Now that you understand what belonging is, and why it plays such a critical role in our motivation, read 5 reasons why belonging will insurmountably change your life.

5 Reasons Belonging Should Be Your Priority

By establishing and maintaining relationships in your life, you will achieve a sense of belonging. This sense of belonging is proven to have powerful effects on your life, including:

1. Improved physical health

Believe it or not, feeling a sense of belonging will improve your physical health. And not just a little bit, either.

Countless studies have proven that belonging can decrease blood pressure, enhance bodily performance, and increase odds of recovery from surgery or disease.

It’s like taking a shot of cure-all vitamins every day, only instead of vitamins, it’s conversations with trusted others. (I really should start charging my friends for all the immune boosts I’ve been giving them).

In fact, in one study of people recovering from open-heart surgery, the patients were three times more likely to recover after the surgery if they were married. Marriage-heart-love pun notwithstanding, that’s a pretty impressive result (and an advertisement for Match.com just begging to be made).

Conversely, a lack of belonging can increase negative symptoms and decrease the likelihood of recovery from physical ailments.

Our bodies are not only slower to recover, but we feel more pain. Neuroscientists have even proven that circuits in our brain that cause physical pain can be activated by a lack of connection in our life.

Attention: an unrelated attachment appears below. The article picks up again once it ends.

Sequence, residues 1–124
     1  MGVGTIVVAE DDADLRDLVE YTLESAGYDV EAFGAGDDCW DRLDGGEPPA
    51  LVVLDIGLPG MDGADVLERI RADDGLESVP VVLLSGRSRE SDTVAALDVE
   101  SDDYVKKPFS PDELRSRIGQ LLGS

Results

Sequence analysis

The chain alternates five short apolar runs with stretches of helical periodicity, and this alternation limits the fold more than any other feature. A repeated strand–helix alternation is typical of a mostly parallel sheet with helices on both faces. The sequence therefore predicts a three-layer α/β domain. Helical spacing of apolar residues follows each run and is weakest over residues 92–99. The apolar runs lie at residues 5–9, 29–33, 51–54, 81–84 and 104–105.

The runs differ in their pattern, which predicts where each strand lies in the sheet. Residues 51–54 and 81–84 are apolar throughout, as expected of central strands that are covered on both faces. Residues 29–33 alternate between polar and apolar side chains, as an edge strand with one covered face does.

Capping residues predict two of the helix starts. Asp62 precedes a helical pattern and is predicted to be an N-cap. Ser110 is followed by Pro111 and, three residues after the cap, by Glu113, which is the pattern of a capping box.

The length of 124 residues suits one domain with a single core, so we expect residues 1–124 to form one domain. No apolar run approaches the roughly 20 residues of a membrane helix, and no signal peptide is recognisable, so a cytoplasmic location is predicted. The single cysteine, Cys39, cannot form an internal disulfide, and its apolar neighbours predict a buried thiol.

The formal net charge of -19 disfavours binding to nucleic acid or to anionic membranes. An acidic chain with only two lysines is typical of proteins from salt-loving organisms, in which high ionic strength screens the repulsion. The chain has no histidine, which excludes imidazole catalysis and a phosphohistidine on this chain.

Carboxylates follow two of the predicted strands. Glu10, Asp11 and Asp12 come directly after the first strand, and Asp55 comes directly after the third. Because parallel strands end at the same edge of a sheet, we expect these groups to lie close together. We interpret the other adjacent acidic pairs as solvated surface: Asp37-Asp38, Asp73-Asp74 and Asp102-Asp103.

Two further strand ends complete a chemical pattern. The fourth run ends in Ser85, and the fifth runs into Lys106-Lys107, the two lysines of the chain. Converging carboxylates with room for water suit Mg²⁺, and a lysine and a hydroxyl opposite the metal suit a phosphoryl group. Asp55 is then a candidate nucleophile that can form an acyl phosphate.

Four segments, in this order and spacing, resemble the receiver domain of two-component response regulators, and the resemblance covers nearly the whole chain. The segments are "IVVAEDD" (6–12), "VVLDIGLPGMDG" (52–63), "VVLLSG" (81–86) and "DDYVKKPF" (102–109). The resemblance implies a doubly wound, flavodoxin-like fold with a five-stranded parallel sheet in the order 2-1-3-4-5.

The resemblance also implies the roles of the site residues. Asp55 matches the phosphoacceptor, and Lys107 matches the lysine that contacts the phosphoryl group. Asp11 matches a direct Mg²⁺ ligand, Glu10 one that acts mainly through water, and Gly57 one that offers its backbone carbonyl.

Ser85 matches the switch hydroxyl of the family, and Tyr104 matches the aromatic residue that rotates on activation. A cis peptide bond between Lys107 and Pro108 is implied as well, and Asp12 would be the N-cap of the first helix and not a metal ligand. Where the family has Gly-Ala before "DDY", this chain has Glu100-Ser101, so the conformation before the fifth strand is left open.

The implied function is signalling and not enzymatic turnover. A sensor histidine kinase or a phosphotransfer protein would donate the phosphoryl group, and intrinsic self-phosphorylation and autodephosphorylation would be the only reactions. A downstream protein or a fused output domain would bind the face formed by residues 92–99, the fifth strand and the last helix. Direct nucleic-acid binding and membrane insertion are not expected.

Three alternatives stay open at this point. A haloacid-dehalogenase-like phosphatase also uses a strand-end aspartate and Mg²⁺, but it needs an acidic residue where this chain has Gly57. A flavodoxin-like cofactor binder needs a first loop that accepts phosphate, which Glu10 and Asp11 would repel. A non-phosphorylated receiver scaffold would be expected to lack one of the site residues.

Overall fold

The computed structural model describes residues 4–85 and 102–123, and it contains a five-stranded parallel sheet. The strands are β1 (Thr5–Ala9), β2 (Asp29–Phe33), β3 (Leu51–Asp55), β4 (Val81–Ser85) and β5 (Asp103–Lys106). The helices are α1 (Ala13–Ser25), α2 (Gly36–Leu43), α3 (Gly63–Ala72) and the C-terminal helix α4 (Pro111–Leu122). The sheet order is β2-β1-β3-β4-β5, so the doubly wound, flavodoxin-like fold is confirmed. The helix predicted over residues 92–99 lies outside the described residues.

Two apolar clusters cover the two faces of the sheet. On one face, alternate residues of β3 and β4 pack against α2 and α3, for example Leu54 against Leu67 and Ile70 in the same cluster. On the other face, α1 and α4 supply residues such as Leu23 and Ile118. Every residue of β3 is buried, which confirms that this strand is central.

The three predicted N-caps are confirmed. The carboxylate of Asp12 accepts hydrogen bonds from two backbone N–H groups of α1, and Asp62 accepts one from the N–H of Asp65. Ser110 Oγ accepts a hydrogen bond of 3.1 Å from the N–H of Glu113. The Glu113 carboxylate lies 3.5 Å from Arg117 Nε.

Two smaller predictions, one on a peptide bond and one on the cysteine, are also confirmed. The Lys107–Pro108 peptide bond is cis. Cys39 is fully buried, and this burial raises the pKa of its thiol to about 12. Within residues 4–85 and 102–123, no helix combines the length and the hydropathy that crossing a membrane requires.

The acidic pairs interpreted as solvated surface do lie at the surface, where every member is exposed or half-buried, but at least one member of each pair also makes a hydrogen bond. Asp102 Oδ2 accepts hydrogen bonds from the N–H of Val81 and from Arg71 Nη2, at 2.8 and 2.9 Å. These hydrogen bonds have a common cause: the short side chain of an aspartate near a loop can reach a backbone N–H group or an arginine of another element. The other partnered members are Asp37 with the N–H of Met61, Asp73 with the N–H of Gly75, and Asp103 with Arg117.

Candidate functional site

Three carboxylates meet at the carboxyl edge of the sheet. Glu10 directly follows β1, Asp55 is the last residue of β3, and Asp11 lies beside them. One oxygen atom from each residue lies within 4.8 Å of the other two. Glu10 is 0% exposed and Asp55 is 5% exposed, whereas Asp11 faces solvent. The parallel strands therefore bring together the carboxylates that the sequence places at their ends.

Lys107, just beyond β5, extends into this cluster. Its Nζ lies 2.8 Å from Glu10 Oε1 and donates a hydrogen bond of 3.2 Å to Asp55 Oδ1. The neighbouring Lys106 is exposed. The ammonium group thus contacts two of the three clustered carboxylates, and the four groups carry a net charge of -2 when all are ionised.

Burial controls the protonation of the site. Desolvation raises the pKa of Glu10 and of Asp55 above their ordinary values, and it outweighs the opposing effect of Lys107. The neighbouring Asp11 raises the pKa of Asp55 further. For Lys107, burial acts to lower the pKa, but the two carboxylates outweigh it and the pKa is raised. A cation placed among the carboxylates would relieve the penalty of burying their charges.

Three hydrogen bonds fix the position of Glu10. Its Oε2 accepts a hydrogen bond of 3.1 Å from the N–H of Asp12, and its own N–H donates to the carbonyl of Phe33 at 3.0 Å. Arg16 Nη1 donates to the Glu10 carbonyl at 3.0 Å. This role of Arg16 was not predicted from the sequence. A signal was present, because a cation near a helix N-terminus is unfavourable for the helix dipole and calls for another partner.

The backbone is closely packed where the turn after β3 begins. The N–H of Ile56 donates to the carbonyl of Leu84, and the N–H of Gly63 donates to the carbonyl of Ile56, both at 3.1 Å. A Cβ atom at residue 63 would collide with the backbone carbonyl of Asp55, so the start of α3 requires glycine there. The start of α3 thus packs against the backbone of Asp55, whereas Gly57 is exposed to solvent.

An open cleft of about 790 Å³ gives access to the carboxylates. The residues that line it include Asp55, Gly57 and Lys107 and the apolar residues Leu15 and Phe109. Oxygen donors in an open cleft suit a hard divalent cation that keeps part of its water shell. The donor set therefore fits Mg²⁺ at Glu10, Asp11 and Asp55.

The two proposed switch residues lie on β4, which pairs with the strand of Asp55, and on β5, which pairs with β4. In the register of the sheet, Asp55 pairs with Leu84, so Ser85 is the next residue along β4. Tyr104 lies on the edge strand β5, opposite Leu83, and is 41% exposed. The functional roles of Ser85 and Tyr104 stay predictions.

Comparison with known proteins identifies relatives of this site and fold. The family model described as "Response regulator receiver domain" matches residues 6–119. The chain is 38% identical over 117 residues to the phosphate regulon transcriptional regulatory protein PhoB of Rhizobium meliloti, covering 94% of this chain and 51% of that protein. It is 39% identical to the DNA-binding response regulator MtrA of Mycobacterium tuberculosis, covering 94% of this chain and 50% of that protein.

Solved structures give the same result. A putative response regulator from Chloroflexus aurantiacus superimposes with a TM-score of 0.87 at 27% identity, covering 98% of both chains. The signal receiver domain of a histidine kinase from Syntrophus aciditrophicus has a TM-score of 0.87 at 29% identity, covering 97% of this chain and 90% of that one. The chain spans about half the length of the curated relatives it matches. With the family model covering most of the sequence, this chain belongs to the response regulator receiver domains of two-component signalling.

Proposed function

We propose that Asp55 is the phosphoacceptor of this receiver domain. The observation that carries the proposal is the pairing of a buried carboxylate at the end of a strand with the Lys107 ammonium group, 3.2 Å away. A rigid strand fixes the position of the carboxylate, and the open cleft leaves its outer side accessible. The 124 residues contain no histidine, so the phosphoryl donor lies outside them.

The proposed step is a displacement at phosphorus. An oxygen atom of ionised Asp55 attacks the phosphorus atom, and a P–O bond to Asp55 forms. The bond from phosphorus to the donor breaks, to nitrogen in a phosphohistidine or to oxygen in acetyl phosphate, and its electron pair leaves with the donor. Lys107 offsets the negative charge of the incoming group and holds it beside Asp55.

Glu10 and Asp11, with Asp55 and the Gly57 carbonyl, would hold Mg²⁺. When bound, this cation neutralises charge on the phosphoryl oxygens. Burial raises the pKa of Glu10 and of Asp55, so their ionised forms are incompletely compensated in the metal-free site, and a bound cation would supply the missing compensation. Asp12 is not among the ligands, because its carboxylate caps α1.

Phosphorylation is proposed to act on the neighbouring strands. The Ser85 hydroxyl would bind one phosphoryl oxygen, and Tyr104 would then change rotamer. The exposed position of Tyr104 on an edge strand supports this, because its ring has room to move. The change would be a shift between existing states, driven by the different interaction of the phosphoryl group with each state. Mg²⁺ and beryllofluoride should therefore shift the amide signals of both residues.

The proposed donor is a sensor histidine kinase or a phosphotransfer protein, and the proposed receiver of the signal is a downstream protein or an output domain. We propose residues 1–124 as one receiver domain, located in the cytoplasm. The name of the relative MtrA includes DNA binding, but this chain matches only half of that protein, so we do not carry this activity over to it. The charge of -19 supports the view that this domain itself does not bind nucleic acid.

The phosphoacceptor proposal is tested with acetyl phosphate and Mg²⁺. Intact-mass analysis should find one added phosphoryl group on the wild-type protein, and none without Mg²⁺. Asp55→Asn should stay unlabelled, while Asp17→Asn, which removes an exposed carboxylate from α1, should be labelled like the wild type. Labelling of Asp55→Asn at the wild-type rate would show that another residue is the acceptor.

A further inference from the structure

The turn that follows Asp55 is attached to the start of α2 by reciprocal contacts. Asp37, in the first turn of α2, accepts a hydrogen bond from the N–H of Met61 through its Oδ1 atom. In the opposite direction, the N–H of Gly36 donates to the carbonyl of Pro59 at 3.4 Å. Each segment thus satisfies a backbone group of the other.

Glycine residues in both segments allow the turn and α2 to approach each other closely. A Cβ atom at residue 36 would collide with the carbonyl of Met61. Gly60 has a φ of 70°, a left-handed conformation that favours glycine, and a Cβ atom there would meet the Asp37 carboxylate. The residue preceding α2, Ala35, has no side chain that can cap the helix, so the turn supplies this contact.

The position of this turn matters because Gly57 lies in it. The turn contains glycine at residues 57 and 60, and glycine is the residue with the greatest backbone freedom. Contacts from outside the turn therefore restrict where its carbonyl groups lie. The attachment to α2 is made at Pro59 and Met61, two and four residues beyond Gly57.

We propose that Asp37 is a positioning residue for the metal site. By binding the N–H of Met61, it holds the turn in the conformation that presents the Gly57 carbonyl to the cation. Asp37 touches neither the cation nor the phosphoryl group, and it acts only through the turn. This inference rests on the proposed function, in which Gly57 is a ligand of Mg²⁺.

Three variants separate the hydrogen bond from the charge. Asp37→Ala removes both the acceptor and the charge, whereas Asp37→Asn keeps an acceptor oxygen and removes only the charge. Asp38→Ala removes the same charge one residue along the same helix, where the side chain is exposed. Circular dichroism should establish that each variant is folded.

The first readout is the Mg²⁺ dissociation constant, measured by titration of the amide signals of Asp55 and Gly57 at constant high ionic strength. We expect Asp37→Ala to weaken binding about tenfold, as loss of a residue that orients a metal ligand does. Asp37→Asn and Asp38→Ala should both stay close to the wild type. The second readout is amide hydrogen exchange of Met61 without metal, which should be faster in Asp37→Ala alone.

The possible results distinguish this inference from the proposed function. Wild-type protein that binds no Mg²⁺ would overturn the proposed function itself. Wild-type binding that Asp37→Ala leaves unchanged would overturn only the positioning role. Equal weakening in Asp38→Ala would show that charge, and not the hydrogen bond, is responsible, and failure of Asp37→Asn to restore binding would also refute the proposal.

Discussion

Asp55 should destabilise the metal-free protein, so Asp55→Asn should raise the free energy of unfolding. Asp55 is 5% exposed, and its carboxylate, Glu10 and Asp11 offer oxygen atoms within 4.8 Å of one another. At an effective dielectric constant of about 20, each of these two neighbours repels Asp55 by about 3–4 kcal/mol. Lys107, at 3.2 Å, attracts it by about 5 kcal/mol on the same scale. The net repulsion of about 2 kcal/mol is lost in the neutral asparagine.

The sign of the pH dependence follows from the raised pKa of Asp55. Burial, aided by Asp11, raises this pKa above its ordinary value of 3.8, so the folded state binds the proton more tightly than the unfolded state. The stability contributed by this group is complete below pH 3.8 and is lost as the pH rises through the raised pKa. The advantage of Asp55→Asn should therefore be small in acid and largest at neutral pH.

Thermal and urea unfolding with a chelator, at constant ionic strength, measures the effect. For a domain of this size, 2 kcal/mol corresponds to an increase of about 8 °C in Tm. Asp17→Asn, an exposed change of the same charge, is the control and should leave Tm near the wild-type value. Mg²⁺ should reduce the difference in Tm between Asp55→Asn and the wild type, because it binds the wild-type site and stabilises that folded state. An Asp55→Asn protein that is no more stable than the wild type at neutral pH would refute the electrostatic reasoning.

2. Reduced stress

One of the reasons that a sense of belonging has such an impact on our physical health is its role in our stress levels. When we have enduring relationships with others, we have reduced stress in our life.

Maintaining secure connections cues positive hormones in our bodies, helping us to feel better.

Without getting into all the different hormones for happiness, a sense of belonging helps our body to release hormones such as dopamine and serotonin, which increase our pleasure and confidence.

Additionally, social connection prompts our body to release oxytocin. Oxytocin, sometimes referred to as the “bonding molecule” or “love hormone” (two nicknames that were, for some crazy reason, never given to me in high school), starts the trajectory toward happiness and motivates us to strengthen our bonds with others.

Furthermore, a sense of belonging decreases our cortisol levels – which is the primary hormone for stress. Our bodies are less likely to go into “fight or flight” mode and get on edge.